The clinical training is augmented with a wide range of conferences including dedicated academic time. These weekly 90-minute sessions are interactive, case-based discussions where teams of residents work together using iPads and the medical literature to find best practice evidence for clinical care. In addition to academic time, the Core Conference Schedule provides morning report, journal club, patient safety conference, a formal Morbidity and Mortality conference, Senior Seminar Series, a High Value Care conference, and the favorite Chairman's Conference. The Department of Medicine Grand Rounds, on Wednesday mornings at 8 a.m. offers well-known speakers from across the country (and the world) who discuss important advances in biomedical and clinical topics. The Grand Round series includes a quarterly autopsy-based Clinical Pathologic Conference as well.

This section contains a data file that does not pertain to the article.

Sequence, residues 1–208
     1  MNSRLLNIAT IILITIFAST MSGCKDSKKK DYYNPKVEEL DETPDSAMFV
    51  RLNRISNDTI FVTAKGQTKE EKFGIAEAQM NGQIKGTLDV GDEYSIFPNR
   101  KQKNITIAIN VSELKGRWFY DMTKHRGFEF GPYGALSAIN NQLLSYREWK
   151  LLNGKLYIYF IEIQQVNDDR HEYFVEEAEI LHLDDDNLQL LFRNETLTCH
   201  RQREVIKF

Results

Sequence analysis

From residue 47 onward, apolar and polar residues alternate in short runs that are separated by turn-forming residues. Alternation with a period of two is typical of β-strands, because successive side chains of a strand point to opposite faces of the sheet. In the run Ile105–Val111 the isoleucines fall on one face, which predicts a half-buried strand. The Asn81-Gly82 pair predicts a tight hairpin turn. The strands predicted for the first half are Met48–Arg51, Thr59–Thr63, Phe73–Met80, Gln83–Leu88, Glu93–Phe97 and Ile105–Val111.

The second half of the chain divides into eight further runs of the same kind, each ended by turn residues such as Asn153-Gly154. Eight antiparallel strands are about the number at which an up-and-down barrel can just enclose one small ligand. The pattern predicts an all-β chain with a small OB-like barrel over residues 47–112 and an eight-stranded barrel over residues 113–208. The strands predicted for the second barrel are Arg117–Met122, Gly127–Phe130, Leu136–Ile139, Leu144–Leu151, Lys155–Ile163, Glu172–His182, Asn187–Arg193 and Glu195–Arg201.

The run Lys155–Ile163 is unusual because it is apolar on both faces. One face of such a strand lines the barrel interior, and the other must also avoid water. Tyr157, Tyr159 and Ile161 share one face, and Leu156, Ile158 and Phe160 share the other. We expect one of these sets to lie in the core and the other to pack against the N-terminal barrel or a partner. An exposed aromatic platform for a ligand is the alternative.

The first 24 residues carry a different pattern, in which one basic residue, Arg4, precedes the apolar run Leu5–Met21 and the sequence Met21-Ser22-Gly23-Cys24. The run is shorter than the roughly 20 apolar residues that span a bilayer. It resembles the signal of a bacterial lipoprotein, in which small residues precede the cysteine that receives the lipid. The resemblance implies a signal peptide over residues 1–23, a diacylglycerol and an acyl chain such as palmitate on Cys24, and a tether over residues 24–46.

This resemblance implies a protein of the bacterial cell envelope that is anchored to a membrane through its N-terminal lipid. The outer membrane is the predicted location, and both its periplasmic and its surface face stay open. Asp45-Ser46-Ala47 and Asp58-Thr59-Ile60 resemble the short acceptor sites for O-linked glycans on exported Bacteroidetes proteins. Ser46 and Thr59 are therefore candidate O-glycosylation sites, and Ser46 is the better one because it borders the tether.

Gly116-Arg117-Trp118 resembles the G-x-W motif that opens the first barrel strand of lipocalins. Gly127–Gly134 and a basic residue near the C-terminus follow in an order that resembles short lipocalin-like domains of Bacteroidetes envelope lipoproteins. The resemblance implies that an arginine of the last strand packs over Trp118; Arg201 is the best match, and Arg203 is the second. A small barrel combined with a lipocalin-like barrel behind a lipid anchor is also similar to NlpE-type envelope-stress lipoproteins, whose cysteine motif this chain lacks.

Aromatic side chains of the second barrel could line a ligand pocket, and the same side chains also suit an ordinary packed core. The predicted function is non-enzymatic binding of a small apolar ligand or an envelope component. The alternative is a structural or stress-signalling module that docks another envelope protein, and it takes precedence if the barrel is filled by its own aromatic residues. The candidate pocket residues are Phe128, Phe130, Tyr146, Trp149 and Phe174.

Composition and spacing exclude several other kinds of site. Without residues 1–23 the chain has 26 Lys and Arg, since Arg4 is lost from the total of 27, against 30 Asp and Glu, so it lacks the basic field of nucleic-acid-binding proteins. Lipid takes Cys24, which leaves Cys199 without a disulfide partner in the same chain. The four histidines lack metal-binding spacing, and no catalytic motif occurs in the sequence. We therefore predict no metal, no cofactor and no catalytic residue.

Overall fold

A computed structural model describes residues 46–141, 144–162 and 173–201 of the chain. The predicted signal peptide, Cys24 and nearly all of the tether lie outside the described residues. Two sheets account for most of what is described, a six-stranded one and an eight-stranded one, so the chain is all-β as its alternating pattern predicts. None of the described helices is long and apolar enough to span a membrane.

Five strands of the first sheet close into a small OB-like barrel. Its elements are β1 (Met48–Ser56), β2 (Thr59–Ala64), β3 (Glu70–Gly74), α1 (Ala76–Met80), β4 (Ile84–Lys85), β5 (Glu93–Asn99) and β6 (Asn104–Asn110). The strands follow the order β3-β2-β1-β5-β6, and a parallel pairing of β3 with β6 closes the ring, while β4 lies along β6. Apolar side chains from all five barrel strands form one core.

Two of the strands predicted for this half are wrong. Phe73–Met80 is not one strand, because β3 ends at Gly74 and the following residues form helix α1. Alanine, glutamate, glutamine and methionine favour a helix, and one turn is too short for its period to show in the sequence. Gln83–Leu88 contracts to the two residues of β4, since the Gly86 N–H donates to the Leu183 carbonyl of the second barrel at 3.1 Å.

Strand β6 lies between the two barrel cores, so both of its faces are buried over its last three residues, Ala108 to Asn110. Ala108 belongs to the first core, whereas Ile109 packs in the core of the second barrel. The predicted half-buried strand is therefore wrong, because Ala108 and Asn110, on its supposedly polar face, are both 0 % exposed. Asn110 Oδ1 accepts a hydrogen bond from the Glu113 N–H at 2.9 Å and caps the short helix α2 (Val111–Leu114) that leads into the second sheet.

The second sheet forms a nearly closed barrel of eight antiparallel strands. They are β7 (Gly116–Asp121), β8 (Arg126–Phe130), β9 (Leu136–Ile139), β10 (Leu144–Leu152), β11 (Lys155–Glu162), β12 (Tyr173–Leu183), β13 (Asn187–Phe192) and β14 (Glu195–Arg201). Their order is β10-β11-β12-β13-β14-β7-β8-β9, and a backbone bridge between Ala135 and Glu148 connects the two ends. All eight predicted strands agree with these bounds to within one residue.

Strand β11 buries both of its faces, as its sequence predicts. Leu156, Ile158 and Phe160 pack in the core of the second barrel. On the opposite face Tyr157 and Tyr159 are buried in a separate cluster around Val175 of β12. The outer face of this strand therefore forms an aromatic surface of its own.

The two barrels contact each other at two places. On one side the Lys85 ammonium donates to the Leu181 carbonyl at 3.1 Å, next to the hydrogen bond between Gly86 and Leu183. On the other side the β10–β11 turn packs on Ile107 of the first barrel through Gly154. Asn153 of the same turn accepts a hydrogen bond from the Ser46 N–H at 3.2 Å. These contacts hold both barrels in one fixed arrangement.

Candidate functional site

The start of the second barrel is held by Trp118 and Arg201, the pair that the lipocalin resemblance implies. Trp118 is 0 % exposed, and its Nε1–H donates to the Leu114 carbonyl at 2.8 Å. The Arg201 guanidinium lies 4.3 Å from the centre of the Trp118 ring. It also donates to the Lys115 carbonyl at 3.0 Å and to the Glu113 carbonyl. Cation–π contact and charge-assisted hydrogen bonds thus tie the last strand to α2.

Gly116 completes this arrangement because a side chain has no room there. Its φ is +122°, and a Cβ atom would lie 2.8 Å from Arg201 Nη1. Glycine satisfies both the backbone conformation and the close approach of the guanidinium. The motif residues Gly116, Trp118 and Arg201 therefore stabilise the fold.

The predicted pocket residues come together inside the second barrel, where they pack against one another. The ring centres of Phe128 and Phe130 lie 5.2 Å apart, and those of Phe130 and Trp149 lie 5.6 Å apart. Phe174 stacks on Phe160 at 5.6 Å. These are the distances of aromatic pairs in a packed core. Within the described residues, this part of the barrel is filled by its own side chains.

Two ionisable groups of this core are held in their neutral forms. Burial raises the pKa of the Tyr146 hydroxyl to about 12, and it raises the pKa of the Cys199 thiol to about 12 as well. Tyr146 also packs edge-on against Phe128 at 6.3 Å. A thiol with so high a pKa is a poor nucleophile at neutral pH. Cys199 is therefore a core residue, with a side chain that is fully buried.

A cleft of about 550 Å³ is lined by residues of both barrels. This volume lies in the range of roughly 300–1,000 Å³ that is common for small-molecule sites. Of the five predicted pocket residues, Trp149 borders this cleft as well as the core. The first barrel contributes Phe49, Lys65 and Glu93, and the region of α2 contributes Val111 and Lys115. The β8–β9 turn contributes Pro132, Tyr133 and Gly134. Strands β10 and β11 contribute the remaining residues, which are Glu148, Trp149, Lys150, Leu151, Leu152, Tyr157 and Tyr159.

|8 a.m.||Medicine Grand Rounds|
|10 a.m.||Resident Morning Report||Resident Morning Report||Resident Morning Report||Intern Morning Report|
|12 - 1:00 p.m.||Resident Academic Time||Resident Academic Time||• Journal Club|
• Senior Seminar
|Intern Academic Time||• Patient Safety |
• High Value Care
• Chair's Conference
|1:30 p.m.||JAR Continuity Clinic||JAR Continuity Clinic||JAR Continuity Clinic||JAR Continuity Clinic|
The graduates of our program go on to become highly successful clinical educators, physician-scientists, academic-clinicians, and leaders in academic medicine. In recent years, about 75% have pursued subspecialty training, with 15% committing to hospital medicine positions. The remainder secure traditional internal medicine jobs or novel positions across the healthcare spectrum. Our graduate placement information for the past three years is available here.